T: That leads really nicely into my next question: in light of the UK Black Lives Matter movement, we saw a lot of drama schools putting out statements of solidarity which actually revealed a lot of problems that institutions were having, and we’re seeing a lot of promises of committing to increase diversity and dealing with institutional racism. You’re someone who has put that into action. Looking at all the new appointments that you made over summer, is that something that was always in the pipeline or is it something which came out in light of this?

J: No no no, that was already happening, when I got here in January 2019 it was something that was already planned. It was actually Covid which stopped all of those appointments from being announced. When I came here I rewrote the curriculum to broaden it. I spoke to loads of people in the industry – casting directors, agents – about what we should be teaching in drama schools now, so the curriculum wasn’t just about making it more inclusive, and actioning inclusivity, but also a response to the industry and what the industry looked like. So it was that two-pronged attack. In order to do that, you have to bring in tutors and practitioners to understand that and work with the students towards that goal and I think my aim is always to bring in the best. I want the best at ArtsEd, that’s what’s arts is about, it’s about bringing the best people in and those people that I’ve appointed were always the people I knew that were gonna be able to do what we needed to do.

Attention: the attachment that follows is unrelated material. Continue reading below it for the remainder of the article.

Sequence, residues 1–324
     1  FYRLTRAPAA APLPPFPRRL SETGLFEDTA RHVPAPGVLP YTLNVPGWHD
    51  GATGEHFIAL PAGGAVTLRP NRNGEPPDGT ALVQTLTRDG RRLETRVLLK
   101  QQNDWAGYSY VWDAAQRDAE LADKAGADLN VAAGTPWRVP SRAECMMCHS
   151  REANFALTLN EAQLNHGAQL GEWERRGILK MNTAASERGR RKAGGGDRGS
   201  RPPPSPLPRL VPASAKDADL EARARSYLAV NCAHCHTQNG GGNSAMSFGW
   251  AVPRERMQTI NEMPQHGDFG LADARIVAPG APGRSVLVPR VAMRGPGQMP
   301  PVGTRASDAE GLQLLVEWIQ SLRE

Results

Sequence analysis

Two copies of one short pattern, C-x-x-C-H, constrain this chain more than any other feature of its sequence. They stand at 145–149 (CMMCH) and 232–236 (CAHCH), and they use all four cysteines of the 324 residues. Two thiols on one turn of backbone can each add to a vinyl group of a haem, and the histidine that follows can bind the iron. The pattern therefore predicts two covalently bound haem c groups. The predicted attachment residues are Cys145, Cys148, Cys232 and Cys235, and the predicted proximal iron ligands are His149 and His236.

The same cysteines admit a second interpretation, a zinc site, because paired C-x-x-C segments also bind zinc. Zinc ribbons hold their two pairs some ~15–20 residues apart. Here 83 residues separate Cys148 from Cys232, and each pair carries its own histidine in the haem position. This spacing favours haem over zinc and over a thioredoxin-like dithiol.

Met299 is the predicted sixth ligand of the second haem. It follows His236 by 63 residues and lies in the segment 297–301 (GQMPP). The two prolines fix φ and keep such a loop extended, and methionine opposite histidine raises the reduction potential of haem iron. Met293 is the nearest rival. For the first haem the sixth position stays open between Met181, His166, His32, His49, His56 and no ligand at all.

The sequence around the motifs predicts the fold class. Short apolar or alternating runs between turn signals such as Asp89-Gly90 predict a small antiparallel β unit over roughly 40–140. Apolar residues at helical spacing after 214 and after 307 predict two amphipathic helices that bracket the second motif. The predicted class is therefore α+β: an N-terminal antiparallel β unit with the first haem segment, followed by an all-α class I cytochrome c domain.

“It should be about making the extraordinary, normal”

When I came here was it easy? No it was hard, and I realised there was lots of work to do. You have to build a team that can do this. And that’s what I did. We’re working to build the best team to be able to produce actors that can go into the industry with resilience. Knowing they can make change, knowing they can create their own work, but also knowing that they can work with whoever, whenever. 

T: That’s incredible. As a Black woman trying to navigate the theatre industry, it’s really good to know that there is someone who is fighting for us. 

J: I went to drama school twice. I went to drama school in the 80s when the first thing a teacher said to me is “what am I gonna do with this?” because I was a council estate girl. I went to drama school to do my MA in 2014 at Central and my MA thesis was about the racism I suffered there. And that was 2014. So I had two really hard engagements in terms of being a student within that, and also working as a tutor, practitioner, I realised that this was nonsense. If we’re still teaching students the way we taught them in the 80s and still telling students of colour that their knowledge is lesser than, that the knowledge that is embedded in the landscape of their skin is lesser than, still, I’m really angry about that. 

T: And rightly so!